Photos: Vibha Varshney (left) and Sunita Narain; the book cover. Pics by Albin Mathew
By Shevlin Sebastian
Every morning, the Kolha and Santhal tribals of Mayurbhanj in Orissa pluck chakedopaah (pennywort). Then they prepare a chutney and have it with their breakfast of watered rice. The tribal belief is that a few leaves a day enhances memory and checks body tremors among the old.
Meanwhile, members of the Lingayat community of Karnataka take the leaves of the narale (grape family) and make a chutney. Elderly people in the community believe that the chutney consumed once a year prevents cough and stomach infections and strengthens muscles and bones.
When food and nutrition consultant Sangeeta Khanna got married, she noticed her mother-in-law boil the leaves of the parijaat (night-flowering jasmine) to make kadha (a herbal mixture) to ease the pain in her joints.
These are examples from 'First Food – Culture of Taste', a stylish cookery book brought out by the Centre of Science and Environment (CSE).
The idea to do the book came up when reporters of 'Down To Earth' magazine, (a sister organisation of the CSE), would return from field trips and inform the editors about the varieties of food that they ate. “That's how we started working on the project more than a decade ago,” says book editor Vibha Varshney. “'Culture of Taste' is the second book in the 'First Food' series.” (The earlier book, published in 2013, was called, 'A Taste of India's Biodiversity').
But there was another urgent reason. “We want to revive India’s traditional culture of eating home-cooked food with seasonal ingredients,” says CSE Director Sunita Narain. “It was getting lost because we are losing the holders of that knowledge – our mothers and grandmothers. Our food today is getting 'multinationalised', 'industralised' and 'chemicalised'. In short, it is a McDonalidisation of food.”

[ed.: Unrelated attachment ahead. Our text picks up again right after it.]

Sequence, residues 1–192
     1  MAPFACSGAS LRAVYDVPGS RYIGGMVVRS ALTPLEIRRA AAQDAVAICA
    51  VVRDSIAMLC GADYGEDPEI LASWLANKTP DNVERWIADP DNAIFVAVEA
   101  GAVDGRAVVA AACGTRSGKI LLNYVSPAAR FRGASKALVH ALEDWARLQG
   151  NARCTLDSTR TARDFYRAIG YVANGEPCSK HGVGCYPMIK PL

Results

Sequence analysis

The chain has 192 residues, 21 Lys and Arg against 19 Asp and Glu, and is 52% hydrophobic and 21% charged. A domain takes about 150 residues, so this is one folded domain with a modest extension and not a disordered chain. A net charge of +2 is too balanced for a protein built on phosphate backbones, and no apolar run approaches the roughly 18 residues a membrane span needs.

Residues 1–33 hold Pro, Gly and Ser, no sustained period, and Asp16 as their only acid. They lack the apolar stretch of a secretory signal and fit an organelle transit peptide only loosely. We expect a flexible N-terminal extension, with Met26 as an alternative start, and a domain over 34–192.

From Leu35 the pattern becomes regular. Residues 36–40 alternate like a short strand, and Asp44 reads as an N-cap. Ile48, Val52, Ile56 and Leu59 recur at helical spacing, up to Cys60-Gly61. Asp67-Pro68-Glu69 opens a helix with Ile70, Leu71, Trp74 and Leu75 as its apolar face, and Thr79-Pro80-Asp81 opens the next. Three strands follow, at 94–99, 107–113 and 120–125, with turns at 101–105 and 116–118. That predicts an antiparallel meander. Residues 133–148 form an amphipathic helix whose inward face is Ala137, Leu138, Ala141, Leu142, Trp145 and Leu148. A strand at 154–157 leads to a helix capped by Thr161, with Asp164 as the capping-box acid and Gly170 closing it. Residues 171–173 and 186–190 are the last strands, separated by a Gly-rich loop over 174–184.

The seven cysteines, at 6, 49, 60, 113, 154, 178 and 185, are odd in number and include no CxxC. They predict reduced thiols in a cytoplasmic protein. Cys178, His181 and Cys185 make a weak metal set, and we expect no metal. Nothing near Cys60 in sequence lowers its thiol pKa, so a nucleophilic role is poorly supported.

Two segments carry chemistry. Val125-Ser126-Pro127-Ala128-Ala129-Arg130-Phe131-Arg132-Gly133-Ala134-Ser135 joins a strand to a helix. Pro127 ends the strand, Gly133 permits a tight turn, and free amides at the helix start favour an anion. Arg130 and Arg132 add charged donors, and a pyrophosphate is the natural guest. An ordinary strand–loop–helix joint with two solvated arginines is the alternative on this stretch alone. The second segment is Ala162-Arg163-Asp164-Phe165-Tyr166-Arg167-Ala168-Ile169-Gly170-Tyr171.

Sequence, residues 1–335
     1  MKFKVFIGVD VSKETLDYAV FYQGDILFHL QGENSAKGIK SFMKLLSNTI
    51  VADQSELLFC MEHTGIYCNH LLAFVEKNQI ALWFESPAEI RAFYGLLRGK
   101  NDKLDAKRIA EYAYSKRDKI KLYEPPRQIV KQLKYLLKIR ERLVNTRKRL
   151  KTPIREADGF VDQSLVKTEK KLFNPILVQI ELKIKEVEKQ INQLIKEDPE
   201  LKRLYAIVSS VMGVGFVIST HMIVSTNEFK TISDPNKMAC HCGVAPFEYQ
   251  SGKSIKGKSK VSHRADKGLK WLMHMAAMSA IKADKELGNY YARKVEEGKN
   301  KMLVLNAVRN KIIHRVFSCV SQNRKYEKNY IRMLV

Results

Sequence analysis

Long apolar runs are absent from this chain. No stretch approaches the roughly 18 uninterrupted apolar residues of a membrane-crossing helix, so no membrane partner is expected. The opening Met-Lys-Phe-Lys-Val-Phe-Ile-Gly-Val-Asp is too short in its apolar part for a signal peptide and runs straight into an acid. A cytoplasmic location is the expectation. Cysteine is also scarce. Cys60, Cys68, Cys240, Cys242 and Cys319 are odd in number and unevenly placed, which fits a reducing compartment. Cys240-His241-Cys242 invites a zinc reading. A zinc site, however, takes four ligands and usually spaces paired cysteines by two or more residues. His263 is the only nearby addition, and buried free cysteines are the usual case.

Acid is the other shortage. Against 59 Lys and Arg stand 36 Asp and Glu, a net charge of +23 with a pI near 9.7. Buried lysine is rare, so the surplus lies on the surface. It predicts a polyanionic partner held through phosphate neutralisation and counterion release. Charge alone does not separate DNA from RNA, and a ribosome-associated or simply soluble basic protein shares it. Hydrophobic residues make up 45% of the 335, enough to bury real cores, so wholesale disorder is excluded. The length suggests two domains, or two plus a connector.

The book has been divided into different sections: leaves, flowers, fruits, vegetables and seeds. “This is the pattern followed by rural communities. They consume all parts of the plant, like the leaves, flowers and fruits, as and when they became available. This method ensures the availability of food throughout the year,” says Vibha.
For example, in Dindori district of Madhya Pradesh, when tender pink leaves appear on the peepal tree towards the end of March the locals cook and eat it. Then during the spring season, everybody picks a leaf or two and chews it, because it strengthens the teeth. Later, the bark and the fruits are also consumed. “This is a method that urbanites can also follow,” says Vibha.
Meanwhile, when asked about the target readership, Vibha says, “It is for those who want to eat healthy food. This option is available in our Indian diet, but we have overlooked it. It is far more healthier and nutritious than the processed food that we eat now.”
Title: 'First Food – Culture of Taste'
Publisher: Center for Science and Environment
Price: Rs 950.
(Sunday Magazine, The New Indian Express, South India and Delhi)